Blomstedt Conducts Stenhammar

Stenhammar cover

STENHAMMAR: Symphony No. 2. Serenade / Gothenberg Symphony Orch.; Herbert Blomstedt, cond / Bis SACD-2424

This is the next disc in what is apparently going to be a Stenhammar series for Bis, the first being the release of that composer’s symphonic cantata Sängen directed by the great Neeme Järvi. Here they’ve switched conductors to Herbert Blomstedt, who previous made some terrific recordings of the symphonies of Carl Nielsen with the San Francisco Symphony and Schubert with Staatskapelle Dresden.

Blomstedt has lost a little drive and energy over the years, but this is still a good performance of the Second Symphony, a somewhat interesting work if not on the high level of Sängen. Blomstedt produces clean lines and sharply-focused rhythmic accents that life the symphony out of the mundane and place it on a level with the music of Smetana. I say this despite the fact that Stenhammar was Swedish and Smetana Czech, as both were inspired by their country’s folk music in the construction of the melodic lines of their symphonies and tone poems. As usual, Bis’ sonics are very fine, here bringing out salient orchestral details with wonderful clarity, and they have achieved a minor miracle by stuffing this CD with 83 ½ minutes of music.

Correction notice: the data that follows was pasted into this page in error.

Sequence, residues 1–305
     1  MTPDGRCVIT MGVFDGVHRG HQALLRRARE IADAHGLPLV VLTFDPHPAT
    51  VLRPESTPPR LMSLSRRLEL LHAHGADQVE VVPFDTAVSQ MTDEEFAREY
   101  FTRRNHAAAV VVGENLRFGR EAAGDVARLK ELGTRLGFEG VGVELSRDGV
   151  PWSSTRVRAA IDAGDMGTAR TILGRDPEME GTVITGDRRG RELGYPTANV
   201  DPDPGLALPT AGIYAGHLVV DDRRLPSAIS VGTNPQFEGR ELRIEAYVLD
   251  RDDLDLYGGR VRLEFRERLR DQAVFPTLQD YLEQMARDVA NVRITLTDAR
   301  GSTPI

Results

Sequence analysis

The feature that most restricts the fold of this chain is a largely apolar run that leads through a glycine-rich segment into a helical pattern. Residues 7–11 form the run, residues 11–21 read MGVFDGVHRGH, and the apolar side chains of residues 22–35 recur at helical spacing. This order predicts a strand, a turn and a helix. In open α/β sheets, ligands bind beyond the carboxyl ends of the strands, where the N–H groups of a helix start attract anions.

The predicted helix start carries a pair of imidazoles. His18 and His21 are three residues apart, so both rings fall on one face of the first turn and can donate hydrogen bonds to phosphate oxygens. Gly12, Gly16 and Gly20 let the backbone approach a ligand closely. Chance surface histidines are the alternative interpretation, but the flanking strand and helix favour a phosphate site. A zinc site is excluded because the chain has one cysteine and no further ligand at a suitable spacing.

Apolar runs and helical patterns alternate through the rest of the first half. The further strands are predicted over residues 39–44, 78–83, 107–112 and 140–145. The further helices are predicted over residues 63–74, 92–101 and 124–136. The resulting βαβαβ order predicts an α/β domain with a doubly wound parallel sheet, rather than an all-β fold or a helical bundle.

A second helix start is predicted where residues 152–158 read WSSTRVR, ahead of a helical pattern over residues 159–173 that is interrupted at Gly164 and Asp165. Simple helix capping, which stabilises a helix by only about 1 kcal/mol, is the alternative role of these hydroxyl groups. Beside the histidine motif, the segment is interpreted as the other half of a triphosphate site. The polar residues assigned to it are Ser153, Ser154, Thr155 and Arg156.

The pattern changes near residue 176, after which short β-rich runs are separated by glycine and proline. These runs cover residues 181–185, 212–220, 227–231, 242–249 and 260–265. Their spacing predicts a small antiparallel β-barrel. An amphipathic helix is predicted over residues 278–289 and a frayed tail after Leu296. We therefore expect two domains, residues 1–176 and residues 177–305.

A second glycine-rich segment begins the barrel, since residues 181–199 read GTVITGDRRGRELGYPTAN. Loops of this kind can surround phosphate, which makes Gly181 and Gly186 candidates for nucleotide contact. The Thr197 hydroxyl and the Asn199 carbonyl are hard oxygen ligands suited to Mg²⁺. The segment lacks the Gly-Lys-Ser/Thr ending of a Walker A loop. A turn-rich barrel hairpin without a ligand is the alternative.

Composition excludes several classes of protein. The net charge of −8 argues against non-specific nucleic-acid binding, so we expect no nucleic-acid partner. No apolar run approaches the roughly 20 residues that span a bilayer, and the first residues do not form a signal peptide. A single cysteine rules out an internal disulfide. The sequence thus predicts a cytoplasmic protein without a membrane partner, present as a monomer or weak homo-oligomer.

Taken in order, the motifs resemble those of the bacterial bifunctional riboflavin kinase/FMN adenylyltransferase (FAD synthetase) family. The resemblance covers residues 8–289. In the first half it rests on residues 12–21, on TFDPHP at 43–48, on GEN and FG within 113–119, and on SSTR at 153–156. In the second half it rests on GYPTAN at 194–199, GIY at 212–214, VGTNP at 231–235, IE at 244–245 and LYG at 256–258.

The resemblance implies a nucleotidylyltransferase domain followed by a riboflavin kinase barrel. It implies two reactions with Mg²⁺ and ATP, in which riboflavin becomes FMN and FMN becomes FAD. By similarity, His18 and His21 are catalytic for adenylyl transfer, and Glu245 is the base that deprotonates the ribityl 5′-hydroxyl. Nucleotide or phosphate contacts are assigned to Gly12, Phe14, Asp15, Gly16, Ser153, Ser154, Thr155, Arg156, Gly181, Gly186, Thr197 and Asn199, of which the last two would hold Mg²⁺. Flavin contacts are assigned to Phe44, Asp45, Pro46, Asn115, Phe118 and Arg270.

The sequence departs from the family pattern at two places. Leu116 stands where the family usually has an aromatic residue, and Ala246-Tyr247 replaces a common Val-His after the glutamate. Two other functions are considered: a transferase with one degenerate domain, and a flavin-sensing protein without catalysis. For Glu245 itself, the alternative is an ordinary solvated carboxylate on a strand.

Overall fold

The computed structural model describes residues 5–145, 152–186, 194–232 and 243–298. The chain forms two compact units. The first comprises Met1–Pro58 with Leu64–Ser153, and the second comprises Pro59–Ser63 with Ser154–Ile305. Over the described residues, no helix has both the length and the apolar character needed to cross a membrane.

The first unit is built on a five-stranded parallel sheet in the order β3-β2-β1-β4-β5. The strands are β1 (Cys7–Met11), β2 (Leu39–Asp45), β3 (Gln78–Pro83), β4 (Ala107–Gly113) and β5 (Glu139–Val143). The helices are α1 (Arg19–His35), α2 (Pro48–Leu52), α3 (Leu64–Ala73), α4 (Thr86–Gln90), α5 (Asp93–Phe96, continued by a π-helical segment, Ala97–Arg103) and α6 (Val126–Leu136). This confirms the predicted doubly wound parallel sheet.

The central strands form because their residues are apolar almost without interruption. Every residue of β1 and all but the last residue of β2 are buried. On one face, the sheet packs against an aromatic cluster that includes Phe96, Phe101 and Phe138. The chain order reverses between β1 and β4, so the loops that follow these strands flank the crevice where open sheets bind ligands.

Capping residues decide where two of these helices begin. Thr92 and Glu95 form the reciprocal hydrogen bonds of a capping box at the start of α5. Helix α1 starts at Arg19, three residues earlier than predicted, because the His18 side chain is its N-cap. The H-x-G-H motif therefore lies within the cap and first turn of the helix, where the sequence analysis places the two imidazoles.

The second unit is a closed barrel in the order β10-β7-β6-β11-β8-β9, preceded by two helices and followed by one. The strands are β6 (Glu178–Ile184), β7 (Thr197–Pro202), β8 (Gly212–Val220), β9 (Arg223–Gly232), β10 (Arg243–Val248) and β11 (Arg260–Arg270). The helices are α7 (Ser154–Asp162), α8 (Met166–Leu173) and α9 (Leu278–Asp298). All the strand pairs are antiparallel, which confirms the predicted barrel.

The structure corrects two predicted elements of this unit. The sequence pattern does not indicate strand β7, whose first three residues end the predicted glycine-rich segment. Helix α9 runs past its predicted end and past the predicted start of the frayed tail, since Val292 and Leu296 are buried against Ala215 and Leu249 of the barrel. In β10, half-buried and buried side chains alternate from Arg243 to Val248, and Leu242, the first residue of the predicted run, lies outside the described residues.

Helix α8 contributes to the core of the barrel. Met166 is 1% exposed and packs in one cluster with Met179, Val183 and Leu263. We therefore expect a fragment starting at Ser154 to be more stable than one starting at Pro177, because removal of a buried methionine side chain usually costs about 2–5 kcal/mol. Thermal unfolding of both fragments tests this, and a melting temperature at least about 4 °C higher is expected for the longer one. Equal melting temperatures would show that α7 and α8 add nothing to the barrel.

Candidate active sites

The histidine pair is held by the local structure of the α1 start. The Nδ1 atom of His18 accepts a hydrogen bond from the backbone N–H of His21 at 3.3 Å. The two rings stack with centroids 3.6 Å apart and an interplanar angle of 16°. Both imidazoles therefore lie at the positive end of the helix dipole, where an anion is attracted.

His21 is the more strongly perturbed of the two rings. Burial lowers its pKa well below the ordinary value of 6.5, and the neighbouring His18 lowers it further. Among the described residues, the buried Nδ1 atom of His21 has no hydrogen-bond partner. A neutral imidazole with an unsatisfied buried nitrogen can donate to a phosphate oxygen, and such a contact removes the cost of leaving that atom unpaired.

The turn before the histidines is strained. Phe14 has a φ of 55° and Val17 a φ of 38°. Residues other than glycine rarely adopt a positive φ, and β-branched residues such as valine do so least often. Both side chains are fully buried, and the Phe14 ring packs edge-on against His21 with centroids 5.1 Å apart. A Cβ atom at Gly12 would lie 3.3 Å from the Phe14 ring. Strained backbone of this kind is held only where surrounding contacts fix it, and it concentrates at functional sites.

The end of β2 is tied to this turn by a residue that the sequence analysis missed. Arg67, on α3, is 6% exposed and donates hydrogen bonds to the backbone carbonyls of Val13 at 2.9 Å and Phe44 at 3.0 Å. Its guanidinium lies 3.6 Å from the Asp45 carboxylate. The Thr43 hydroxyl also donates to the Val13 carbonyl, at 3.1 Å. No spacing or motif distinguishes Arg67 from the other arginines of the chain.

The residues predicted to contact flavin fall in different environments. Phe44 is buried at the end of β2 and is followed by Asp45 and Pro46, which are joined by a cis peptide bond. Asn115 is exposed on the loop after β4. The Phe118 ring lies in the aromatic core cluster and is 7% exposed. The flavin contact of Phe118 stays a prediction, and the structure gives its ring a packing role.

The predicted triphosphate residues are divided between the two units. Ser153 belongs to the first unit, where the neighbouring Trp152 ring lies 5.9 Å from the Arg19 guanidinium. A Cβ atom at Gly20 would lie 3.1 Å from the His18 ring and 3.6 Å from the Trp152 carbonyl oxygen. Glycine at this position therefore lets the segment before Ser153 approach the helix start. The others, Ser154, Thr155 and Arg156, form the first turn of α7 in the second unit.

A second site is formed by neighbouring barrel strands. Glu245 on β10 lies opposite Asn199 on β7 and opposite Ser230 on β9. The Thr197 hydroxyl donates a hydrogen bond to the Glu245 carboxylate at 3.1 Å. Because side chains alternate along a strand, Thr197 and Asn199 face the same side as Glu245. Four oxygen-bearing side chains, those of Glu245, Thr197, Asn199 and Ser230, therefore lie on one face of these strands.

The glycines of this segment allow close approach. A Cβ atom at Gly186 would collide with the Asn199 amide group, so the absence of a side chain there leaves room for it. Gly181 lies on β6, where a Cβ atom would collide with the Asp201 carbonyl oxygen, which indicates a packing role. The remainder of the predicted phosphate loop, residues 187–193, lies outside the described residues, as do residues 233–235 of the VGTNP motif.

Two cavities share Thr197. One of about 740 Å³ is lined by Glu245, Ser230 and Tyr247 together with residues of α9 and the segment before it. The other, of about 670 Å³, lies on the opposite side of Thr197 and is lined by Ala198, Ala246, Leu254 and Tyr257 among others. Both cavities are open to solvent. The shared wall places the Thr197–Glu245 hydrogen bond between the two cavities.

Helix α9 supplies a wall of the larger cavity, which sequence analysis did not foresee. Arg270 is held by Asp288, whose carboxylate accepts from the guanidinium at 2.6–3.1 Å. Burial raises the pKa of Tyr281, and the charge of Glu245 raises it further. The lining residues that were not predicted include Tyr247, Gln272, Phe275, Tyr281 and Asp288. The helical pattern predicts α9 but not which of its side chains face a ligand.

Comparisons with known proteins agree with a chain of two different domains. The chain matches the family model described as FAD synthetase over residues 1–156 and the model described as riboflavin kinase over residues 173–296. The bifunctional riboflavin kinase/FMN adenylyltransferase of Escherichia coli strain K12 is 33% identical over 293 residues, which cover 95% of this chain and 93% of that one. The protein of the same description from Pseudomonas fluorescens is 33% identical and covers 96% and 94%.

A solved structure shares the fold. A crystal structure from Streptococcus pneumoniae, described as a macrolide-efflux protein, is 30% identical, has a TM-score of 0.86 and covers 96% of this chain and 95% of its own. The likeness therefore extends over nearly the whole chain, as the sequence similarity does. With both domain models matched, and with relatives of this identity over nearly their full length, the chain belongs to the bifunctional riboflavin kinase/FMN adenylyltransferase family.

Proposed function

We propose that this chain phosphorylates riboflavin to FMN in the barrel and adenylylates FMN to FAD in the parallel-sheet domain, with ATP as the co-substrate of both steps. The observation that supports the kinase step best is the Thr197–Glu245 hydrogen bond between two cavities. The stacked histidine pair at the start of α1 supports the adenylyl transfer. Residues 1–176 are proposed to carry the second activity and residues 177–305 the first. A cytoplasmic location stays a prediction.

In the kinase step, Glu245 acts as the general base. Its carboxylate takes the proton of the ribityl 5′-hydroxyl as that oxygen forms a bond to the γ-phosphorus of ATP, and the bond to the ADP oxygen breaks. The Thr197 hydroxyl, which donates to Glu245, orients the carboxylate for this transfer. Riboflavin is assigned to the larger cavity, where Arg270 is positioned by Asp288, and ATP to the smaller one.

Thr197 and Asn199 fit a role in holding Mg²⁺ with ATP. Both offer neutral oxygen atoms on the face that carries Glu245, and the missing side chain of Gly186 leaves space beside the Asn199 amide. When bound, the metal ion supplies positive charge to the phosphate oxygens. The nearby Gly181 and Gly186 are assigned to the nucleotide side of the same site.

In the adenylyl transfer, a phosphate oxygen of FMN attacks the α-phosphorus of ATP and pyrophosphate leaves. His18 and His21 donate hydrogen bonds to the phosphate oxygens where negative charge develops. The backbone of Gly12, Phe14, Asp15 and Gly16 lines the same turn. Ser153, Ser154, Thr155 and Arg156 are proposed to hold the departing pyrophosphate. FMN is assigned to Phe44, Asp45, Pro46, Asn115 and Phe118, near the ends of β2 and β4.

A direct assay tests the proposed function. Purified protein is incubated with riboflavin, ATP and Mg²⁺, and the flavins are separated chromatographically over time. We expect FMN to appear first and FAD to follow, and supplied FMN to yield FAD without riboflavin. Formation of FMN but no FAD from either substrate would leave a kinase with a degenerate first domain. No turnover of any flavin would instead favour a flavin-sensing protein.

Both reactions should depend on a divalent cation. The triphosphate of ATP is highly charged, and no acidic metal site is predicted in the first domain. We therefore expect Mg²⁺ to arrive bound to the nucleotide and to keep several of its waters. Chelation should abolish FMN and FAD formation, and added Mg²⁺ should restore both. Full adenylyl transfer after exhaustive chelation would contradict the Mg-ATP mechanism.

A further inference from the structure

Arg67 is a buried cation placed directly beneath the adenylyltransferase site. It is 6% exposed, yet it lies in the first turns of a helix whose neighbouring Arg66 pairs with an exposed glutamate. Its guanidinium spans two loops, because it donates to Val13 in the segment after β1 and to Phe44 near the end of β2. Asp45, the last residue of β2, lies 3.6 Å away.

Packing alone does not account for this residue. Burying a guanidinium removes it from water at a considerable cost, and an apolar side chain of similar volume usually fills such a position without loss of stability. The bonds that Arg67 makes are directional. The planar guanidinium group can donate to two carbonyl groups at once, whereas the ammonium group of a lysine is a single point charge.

With the exception of some cute harmonic shifts in the third-movement “Scherzo,” however, this symphony is a somewhat predictable piece of music. The fugue in the last movement, however, adds some interest. Paradoxically, the essentially light-hearted Serenade, which preceded the symphony, has a much more interesting form, particularly in the first movement. Though tonal, the home key jumps around quite a bit due to Stenhammar’s ability to shift the tonality quickly. The composer also plays some cat-and-mouse games with the listener regarding rhythm, suddenly slowing down in unexpected places or stopping completely before resuming. This rhythmic playfulness continues in the second movement “Canzonetta,” and although the succeeding movements are a bit tamer, Stenhammar still manages to come up with clever ideas, such as the rhythm that suddenly increases and then backs up over itself in the “Scherzo.” Only the “Notturno” is rather more conventional despite a few little flute flutters.

Overall, then, good performances of late Romantic works, not on the level of Sängen but still well crafted.

—© 2018 Lynn René Bayley

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